Course Participation (20%): This is a discussion-oriented course, and for this reason each participant's active involvement is integral to our success. Attendance is critical, and you may expect that missing more than a week's worth of class will have a significant impact on your grade. Making thoughtful, analytical comments on a consistent basis will help you excel in this portion of your grade, as will respectful engagement with others' points of view. In evaluating your contribution to the course's day-to-day success, I will consider quality as well as quantity.

Essay Policies

  1. Essays should be typed and double-spaced and include a title and page numbers. Essays are not graded on length, but rather on their ability to capture and persuade a reader. This ability arises from correctness of prose, and also from factors including clear expression, thoughtful organization, originality, completeness, and adequate support. (See additional guidelines for literary essays here.)

  2. In order to receive a passing grade, an essay must articulate and support an original analysis, moving well beyond summary of other writers' ideas and words.

  3. Material from outside sources must be cited completely and correctly using MLA style.

  4. I am always willing to read and critique work in progress, and to answer questions about your writing. When turning in an essay to be graded, you are expected to submit the best work you are capable of doing, given time constraints; thus, revisions will not be accepted after an essay has been graded.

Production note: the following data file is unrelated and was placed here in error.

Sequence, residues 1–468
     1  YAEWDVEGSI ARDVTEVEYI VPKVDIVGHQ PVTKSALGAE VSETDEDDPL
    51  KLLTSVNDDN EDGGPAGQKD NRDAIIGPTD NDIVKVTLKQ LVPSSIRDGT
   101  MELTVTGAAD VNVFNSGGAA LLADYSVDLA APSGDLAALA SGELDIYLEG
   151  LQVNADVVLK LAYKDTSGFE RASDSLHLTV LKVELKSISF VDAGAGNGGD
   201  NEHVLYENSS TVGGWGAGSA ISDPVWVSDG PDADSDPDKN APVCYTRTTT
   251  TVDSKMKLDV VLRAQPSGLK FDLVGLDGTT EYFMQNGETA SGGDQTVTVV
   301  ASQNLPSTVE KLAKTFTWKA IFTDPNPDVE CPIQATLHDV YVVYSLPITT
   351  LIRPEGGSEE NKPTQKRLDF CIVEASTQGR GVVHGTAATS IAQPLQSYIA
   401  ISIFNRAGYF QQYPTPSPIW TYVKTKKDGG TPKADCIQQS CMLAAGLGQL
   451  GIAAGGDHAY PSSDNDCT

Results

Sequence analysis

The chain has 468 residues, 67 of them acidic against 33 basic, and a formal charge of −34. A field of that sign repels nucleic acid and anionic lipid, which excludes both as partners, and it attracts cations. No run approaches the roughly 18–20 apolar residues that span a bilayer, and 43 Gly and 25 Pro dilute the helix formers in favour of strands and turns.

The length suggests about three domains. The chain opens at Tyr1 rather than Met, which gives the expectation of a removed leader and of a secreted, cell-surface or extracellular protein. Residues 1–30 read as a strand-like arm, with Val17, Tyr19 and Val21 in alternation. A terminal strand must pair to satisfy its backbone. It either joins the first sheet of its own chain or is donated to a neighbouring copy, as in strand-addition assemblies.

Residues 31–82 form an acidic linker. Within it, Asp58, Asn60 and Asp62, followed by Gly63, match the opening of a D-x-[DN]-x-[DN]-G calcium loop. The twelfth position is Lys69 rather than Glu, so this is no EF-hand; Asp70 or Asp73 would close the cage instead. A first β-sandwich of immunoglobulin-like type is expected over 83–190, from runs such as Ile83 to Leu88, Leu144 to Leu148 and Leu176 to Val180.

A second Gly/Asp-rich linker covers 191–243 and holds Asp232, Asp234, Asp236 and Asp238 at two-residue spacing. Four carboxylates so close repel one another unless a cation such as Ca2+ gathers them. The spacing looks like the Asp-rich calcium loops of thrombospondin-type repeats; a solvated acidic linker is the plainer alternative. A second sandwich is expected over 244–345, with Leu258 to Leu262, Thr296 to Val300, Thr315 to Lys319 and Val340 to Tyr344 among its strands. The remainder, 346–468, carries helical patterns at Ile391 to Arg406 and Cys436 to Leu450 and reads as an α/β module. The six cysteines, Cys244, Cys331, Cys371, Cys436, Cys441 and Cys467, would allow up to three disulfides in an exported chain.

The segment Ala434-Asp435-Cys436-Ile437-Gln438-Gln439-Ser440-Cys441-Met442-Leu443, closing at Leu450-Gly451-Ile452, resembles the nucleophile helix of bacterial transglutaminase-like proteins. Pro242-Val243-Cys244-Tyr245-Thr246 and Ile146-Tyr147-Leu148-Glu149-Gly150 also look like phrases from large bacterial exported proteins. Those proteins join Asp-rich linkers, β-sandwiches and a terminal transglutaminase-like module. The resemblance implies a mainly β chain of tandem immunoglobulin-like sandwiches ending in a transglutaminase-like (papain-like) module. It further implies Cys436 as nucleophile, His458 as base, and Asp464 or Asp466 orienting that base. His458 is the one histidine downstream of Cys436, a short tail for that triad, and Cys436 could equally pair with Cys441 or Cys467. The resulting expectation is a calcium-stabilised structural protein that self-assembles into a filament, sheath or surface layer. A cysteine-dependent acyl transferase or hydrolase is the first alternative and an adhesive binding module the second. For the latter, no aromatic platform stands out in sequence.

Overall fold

5. Late papers: You have five free "late days" upon entering the class. The two essays and 5+ responses are due at the start of class on their respective due dates. Each class day an essay is turned in late counts as one late day used up. These days may be used up with one paper (turning it in five days late) or divided between more than one paper. No penalty is given for late work turned in within these parameters, but once your late days are used up, no additional work will be accepted after its due date--late papers after that will receive no credit. Each weekday during Finals Week counts as one late day; however, no work will be accepted after noon on Thursday, April 24, regardless of how many late days you have retained.

    The five late days are provided to allow for normal problems such as printer failure, forgotten notebooks, competing deadlines in other courses, etc. Once they are used up, no additional late days will be granted, regardless of the reason for being late, and any subsequent late papers will receive no credit.

Academic Honesty

Any course work that is found to violate UVSC's standards of academic honesty will be dealt with as laid out in the college's statement on "Student Rights and Responsibilities." Please read these standards, and the consequences for violating them, carefully, noting that the repercussions are always severe. In particular, be aware that plagiarism is a severe violation of both college policy and the policy of this course.